The "new generation" members who are on drugs, committing crimes, becoming involved in prostitution and "starving" have chosen that lifestyle — it hasn't been forced upon them.

And don't classify our military with this class of person.

There are many in the "new generation" who are very responsible, hard-working young adults who are always striving to improve their lifestyle. I'm sure they don't agree with Angela's point of view, either.

Celila Wright

Decatur Senior citizens have to make a living, too

I am responding to Angela Hill's letter about older workers making way for younger people.

I have been working with older workers in Cullman, Lawrence and Morgan counties. This program is called the Senior Employment Program, whereby seniors are placed with agencies in the counties to get training to be placed either part time or full time back into the job sector.

Older workers find it hard to live off just Social Security and no retirement after working many years. Some don't have Social Security, but are living from retirement income of $200 or less per month. Some are on welfare but want to better themselves and 80 percent of these people don't have health insurance or they make a dollar too much to get on Medicaid. These seniors sometimes have to choose between buying medications or buying food.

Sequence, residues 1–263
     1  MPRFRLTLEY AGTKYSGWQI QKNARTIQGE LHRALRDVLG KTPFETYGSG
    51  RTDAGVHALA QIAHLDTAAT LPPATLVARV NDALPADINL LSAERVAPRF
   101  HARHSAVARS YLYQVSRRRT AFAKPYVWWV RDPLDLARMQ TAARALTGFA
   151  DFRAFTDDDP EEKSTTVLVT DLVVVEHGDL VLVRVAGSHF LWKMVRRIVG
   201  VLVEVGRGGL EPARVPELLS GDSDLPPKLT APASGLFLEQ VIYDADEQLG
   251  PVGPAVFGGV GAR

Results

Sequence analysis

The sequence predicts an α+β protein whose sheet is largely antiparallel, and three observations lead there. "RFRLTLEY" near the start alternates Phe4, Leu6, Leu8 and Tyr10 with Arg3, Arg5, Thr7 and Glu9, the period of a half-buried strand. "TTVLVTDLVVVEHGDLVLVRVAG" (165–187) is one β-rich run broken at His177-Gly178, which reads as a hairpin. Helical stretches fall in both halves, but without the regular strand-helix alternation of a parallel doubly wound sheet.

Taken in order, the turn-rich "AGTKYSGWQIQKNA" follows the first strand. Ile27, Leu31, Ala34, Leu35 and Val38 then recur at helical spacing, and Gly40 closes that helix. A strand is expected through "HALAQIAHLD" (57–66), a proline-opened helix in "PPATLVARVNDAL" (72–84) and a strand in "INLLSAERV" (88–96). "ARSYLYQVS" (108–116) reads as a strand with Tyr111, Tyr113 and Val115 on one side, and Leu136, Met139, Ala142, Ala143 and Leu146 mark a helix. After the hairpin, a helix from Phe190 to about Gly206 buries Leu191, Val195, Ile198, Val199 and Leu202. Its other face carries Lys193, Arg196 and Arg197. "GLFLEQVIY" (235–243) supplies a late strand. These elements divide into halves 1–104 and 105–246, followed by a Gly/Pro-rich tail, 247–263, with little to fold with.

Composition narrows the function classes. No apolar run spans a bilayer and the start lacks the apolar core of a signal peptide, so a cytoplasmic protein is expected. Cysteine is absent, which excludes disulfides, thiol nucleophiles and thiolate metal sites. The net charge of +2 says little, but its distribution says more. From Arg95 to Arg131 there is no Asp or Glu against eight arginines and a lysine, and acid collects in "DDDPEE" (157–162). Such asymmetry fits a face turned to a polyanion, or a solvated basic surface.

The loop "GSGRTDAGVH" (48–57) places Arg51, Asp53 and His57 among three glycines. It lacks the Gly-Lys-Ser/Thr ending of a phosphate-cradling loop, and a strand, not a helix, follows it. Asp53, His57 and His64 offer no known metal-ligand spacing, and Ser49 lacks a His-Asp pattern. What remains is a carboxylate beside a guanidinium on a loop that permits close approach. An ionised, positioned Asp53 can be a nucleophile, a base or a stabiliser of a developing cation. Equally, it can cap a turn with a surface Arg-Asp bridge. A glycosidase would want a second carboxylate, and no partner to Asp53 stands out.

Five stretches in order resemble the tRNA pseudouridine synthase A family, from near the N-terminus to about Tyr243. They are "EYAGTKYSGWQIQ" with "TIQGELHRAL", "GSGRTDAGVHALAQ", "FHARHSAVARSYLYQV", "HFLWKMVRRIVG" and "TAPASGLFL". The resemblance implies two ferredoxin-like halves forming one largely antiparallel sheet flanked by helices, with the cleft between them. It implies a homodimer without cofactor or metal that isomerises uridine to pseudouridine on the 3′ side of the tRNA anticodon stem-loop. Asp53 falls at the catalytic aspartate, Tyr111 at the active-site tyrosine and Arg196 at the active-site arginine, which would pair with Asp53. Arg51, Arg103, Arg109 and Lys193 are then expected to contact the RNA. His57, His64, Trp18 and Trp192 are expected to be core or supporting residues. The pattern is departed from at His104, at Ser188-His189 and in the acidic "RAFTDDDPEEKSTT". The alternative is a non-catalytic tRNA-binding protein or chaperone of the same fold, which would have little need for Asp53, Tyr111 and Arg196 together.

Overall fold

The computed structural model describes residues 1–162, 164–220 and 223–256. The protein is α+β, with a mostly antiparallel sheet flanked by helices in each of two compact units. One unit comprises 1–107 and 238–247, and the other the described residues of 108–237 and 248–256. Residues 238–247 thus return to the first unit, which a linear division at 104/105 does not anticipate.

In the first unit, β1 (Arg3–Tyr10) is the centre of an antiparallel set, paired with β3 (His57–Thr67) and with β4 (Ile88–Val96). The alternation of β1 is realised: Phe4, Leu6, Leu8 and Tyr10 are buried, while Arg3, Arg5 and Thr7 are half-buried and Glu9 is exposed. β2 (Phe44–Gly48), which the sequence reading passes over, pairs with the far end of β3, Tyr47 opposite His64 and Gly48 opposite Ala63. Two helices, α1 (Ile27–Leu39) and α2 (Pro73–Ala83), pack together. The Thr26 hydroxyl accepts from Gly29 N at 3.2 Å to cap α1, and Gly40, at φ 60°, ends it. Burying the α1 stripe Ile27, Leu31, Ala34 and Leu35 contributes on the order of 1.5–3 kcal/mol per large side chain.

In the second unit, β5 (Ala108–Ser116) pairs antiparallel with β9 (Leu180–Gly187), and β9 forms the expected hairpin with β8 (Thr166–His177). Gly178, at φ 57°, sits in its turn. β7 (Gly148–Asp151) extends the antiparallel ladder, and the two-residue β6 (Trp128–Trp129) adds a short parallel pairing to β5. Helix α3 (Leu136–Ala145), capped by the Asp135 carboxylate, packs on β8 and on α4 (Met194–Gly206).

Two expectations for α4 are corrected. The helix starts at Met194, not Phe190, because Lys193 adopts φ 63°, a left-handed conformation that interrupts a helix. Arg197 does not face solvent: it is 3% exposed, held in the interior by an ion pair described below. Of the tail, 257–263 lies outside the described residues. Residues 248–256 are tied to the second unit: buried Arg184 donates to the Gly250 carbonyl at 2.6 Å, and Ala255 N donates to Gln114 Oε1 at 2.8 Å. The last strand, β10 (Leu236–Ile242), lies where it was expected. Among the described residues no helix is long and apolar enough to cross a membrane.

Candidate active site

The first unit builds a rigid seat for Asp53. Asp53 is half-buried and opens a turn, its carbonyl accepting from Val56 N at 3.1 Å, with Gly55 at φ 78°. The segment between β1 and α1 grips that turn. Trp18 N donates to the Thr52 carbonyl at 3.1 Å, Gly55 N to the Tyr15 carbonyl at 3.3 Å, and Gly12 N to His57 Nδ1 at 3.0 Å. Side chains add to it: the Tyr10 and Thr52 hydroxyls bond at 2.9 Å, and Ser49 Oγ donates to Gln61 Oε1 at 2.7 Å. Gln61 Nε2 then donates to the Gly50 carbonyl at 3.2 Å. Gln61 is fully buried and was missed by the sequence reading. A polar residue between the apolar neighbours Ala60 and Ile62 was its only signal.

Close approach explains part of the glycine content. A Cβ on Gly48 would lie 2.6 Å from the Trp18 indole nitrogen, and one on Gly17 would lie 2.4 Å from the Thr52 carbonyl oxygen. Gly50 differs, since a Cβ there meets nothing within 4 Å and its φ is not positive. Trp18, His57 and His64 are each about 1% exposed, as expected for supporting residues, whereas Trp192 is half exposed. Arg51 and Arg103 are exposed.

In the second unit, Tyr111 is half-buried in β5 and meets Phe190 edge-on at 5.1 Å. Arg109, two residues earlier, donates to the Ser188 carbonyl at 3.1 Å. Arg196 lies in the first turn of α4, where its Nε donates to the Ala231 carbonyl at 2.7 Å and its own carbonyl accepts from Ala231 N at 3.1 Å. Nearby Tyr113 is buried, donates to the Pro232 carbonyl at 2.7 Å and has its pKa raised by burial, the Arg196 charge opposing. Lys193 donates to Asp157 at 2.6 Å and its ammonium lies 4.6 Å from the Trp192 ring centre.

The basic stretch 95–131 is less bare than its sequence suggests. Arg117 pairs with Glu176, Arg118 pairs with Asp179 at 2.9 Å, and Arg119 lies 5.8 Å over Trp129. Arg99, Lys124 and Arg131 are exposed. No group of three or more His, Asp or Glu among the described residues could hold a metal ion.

Seniors are citizens trying to make an honest living at $5.15 an hour. According to the seniors, this helps them pay their bills and they are appreciative and prompt workers. They don't give all kinds of excuses about why they don't show up for work. Actually, you have to make some leave work, and they aren't paid overtime.

Regardless of a person's age, we are all humans and have to live in this society the best way we can. This program is for persons age 55 and over who qualify, income-wise. I always thought that it was better for a man or woman to work for a living, regardless of age or gender.

People usually live longer when they feel they are making a contribution.